Natural gas is one of the assets that have failed to participate in the bull market since the financial crisis. We've all probably read about why, in the financial media. It is about hydraulic fracturing. All of a sudden, the U.S. is sitting on a massive energy resource. It is so abundant that there have even been calls for U.S. becoming a net energy exporter using natural gas. However, there is an argument to be made against the fact that the decline in natural gas prices is purely fundamental. Recent developments in the price action are indicative that the asset is setting itself up for capitulation. If that happens, the resulting trade can be one of the most lucrative investments that can be made in 2012.
One should carefully assess whether the hydraulic fracturing (or fracking) story is all there is to the continually declining price of natural gas, especially in the last year. I am suspicious of the fundamental reasons for the fall in natural gas prices because there seems to be cracks in that argument. I find that, except a very few specialized investors (whose comments are very much welcome to this article by the way) almost none of us can answer some of the basic questions behind the fall in natural gas. For example:
How did a very complex technology like hydraulic fracturing become so dominant in such a short period like two years?
Natural gas persistently trades at an astonishing 300% premium to U.S. prices in other parts of the world. How can there be such a large and persistent price discrepancy in a commodity that is massively used on a global scale? Why isn't the LNG infrastructure to transport natural gas readily available and in use despite this price discrepancy? Yes, natural gas is more expensive to transport than oil but doesn't the price premium more than compensate for that cost?
The truth of the matter is that fracking technology can just be an excuse to rationalize the fall in natural gas prices. The actual reason may very well be that natural gas prices are falling because investors have given up trying to catch the bottom. Going long natural gas prices hasn't been working as an investment, so investors have simply abandoned it.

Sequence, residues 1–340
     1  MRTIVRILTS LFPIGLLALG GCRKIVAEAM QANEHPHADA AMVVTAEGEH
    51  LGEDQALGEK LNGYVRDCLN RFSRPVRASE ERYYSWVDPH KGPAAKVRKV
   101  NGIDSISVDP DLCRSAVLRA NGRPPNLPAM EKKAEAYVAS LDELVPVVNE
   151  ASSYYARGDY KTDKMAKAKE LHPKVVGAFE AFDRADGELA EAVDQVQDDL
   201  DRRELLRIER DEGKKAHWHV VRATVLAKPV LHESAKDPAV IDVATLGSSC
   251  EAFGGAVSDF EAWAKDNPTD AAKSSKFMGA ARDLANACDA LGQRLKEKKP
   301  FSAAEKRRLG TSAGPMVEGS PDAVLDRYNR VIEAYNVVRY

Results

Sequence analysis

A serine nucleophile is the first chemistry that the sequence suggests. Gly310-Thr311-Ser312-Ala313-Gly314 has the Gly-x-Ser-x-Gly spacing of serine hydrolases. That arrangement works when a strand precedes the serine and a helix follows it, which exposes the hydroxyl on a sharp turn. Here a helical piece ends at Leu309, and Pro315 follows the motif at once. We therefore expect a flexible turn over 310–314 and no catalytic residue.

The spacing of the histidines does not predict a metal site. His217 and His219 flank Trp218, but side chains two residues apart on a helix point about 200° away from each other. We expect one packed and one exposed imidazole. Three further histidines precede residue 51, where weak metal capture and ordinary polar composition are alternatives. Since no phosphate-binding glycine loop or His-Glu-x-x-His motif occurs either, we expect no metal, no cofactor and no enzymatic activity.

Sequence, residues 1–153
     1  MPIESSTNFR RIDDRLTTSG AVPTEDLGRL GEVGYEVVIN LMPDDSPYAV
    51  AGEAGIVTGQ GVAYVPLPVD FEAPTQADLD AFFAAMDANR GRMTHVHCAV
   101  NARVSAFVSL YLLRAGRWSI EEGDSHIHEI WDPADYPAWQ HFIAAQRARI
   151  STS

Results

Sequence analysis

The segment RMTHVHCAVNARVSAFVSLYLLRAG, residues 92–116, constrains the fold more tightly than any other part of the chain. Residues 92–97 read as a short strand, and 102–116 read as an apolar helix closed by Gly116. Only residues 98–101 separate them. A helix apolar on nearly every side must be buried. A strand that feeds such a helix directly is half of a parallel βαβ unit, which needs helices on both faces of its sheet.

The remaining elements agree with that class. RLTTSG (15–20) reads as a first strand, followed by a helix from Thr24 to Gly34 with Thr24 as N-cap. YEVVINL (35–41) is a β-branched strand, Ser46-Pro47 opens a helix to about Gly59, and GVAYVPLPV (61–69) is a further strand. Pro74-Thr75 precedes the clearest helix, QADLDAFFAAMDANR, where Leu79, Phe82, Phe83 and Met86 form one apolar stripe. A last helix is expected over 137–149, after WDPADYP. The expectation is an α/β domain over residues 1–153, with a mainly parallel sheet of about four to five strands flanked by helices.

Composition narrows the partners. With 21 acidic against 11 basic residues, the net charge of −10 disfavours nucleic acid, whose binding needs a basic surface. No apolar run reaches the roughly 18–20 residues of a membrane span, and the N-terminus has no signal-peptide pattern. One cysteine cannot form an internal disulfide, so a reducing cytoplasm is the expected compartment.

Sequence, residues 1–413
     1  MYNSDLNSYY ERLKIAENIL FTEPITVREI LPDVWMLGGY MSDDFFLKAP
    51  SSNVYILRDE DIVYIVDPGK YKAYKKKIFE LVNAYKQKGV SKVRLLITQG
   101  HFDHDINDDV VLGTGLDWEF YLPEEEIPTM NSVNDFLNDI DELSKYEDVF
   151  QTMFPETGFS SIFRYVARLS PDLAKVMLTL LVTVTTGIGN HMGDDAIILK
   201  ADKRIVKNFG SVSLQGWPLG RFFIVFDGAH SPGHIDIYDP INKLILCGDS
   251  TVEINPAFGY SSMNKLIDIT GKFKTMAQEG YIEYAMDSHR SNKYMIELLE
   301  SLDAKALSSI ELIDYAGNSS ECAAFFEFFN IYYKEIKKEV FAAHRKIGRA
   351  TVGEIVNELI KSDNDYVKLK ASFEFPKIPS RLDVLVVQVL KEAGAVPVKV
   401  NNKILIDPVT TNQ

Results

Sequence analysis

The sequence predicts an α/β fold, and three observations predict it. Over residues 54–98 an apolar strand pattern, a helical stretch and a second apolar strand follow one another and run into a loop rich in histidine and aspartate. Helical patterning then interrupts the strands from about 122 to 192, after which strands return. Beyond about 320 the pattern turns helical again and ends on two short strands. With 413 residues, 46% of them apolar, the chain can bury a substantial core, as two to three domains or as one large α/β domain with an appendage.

In this seemingly bottomless fall, however, probably lies one of the greatest trades of 2012. In the last three months, natural gas has been accelerating its fall and it is been setting up for capitulation. It should be noted that natural gas has been in such a strong and consistent downward trend that it will take a very strong and shocking move to reverse the trend. There should be an enormous daily crash followed by an equally astounding and quick bounce. While this might seem improbable, it is what a capitulation should look like. It should be so shocking in magnitude that it should change the status quo. The shorts should be persuaded that they have gained enough and should cover, while the longs should be convinced that it is a once in a generation opportunity not to be missed.
Natural gas is already a very volatile commodity. Therefore, we need at least a 13% -15% daily decline to mark such a capitulation event. Assessing from the charts I expect the described event to take the United States Natural Gas ETF (UNG) down to around $12, which should also serve as an entry level to go long UNG. However, what determines the bottom will not be the price level. It will be the magnitude of the percentage loss. So if the aforementioned daily decline in excess of 13% occurs around $14, that should be the level to go long.
I realize that the sequence of events that I described seems quite impossible. Natural gas is already very cheap and another 30% fall is almost unimaginable. However at the turnarounds of these long-term trends prices move quite fast and the volatility pretty much explodes. Also, given the strong downtrend that natural gas is in, the capitulation to reverse the trend should be extreme as well.
I wrote this article because as far as I can tell from the charts, we are quite close to experiencing the turnaround of natural gas. I will try to write another article when I initiate my own positions. This will probably be "the trade" for 2012, for the ones who can get in near the bottom. Natural gas is such a reliable and widely used energy resource that prices will almost surely turnaround. 2012 might be the year they do.
Disclosure: I have no positions in any stocks mentioned, but may initiate a long position in UNG over the next 72 hours.